The city is jointly a place of production, distribution, and consumption of material goods and will thus generate material flows. The role and extent of these functions vary according to the historical and socioeconomic context of each city, commonly involving a specialization (e.g. financial cities, manufacturing cities). Globalization has changed the functions of production, consumption, and particularly distribution by expanding its role with terminals and logistics zones. Some cities, namely global cities, have become prime financial, cultural, transportation, and political centers, with production taking a more marginal role.
With the growth of long-distance trade, many cities also play an intermediary role with the port and airport facilities articulating the commercial flows of vast markets. For instance, gateway cities interface global and regional freight distribution. The functions of consumption, production, and distribution are associated with various material flows, each representing a form of city logistics. For instance, retailing relies on urban deliveries originating from distribution centers, which themselves are likely to have been supplied through terminal haulage. The intensity level of urban freight distribution is usually clustered around large specialized generators, which come in four major types:
- Terminals, such as ports, airports, and railyards, are highly localized entities with access points often supporting high traffic levels. Since terminals handle a wide variety of freight, it can be expected that they will enter urban areas as bulk, containers, full truckloads (TLs), and less than truckloads (LTLs). The market area of transport terminals is defined as the hinterland, which can involve destinations (logistics zones and manufacturing districts) within the city itself or flows having to transit through urban areas on their way to other destinations. The impact of a transport terminal on city logistics is obviously related to the intensity of the terminal activity, the supply chain it services, and the extent of its hinterland.
- Logistics zones include warehouses, sometimes associated with clustered distribution and light manufacturing activities. Higher consumption levels and global supply chains have been a driving force in the setting and expansion of logistics zones. Co-location with a terminal facility has been a driving force, implying more efficient interactions because of proximity; freight has less propensity to enter urban areas. High land prices near terminals and central areas have also incited the development of greenfield logistics zones in peripheral areas, sometimes far away.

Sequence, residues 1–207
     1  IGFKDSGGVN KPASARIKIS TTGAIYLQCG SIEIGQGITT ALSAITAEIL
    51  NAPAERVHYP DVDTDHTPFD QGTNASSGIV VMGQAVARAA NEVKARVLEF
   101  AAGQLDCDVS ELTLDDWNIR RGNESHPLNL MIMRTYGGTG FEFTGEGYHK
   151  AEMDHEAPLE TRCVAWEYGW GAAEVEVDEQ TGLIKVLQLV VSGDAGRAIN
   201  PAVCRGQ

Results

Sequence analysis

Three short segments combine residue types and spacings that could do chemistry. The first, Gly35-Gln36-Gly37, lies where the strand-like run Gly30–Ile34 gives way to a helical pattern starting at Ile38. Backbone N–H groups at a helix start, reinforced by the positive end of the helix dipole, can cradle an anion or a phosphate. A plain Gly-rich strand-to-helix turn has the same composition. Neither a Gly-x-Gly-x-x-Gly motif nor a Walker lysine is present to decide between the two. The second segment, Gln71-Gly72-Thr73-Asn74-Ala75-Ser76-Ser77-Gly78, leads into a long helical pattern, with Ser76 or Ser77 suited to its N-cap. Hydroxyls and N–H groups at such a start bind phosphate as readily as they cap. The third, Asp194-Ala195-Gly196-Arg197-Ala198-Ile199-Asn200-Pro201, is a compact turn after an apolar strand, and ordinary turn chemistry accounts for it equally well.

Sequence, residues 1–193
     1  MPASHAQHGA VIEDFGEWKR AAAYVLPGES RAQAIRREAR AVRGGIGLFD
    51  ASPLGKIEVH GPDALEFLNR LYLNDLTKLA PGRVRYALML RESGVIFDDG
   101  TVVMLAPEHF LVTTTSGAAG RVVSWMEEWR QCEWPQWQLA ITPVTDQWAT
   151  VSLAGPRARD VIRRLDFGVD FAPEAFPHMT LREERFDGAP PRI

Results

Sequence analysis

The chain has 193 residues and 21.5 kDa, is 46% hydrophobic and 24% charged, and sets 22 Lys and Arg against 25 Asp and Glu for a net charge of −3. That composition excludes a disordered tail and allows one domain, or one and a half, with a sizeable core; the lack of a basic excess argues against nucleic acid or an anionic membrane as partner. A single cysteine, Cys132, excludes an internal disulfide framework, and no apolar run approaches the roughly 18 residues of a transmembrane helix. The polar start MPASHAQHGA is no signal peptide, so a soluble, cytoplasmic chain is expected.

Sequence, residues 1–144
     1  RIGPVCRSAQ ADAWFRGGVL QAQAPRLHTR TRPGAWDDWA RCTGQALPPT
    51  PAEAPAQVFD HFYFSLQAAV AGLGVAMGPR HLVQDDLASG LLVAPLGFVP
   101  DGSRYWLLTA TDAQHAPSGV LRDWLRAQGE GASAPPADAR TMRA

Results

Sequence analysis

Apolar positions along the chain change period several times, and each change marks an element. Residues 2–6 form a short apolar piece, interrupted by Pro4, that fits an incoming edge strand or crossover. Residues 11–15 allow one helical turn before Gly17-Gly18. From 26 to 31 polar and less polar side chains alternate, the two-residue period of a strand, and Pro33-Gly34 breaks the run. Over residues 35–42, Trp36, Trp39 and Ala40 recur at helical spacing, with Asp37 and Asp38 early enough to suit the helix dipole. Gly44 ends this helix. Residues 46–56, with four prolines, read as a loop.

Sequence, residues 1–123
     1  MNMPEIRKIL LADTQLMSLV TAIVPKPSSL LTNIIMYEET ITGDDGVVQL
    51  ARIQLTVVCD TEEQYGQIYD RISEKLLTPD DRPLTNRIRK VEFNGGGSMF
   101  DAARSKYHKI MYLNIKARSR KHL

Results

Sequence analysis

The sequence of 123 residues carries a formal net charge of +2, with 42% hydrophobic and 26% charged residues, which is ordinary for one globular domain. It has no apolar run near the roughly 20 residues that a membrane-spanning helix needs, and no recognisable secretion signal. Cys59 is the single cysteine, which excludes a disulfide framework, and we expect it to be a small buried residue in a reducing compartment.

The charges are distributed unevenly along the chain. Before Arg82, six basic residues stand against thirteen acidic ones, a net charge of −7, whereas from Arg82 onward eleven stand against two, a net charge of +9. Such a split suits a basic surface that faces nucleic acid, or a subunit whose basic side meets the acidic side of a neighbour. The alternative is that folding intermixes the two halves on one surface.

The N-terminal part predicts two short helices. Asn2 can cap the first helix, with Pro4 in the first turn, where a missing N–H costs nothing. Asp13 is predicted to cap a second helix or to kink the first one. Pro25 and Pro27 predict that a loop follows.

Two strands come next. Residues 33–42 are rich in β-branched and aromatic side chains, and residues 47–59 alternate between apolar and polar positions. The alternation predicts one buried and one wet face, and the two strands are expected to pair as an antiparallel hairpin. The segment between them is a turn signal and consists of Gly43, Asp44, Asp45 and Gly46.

- Manufacturing districts. In the contemporary setting, many production activities are related to global processes and elements of global value chains since they may produce finished goods. Still, they are more likely intermediate goods (e.g., parts). They are generators of producer-related urban freight movement involving all possible forms of road transport. Manufacturing districts are commonly associated with transport terminals, particularly for heavy industry. Still, manufacturing and logistics activities are often mixed as pure manufacturing or logistics areas are rare; standard manufacturing activities are common in logistics areas. The distinction between a logistics and a manufacturing zone can thus, on occasion, be blurred. For instance, many logistics zones were developed as industrial zones that attracted distribution centers instead.
- Commercial districts. A core component of the urban centrality and the destination of the bulk of urban passenger flows. They concern consumer-related freight movements, mostly through retail activities usually supplied through LTLs (e.g. delivery vans and trucks). The clustering of office towers and large institutions (seats of government, universities, museums, etc.) is also a large generator of freight demand, such as parcels. Some central business districts also involve adjacent freight intensive activities such as rail yards and even port terminals, particularly in older cities or in cities having an important gateway function. As cities are increasingly polycentric, several commercial districts, such as urban subcenters, have emerged.
Therefore, urban freight generators are commonly interrelated. For instance, a port district will involve maritime terminals but also nearby distribution centers and industrial activities. The same applies to airport districts that can experience a concentration of distribution centers and commercial activities.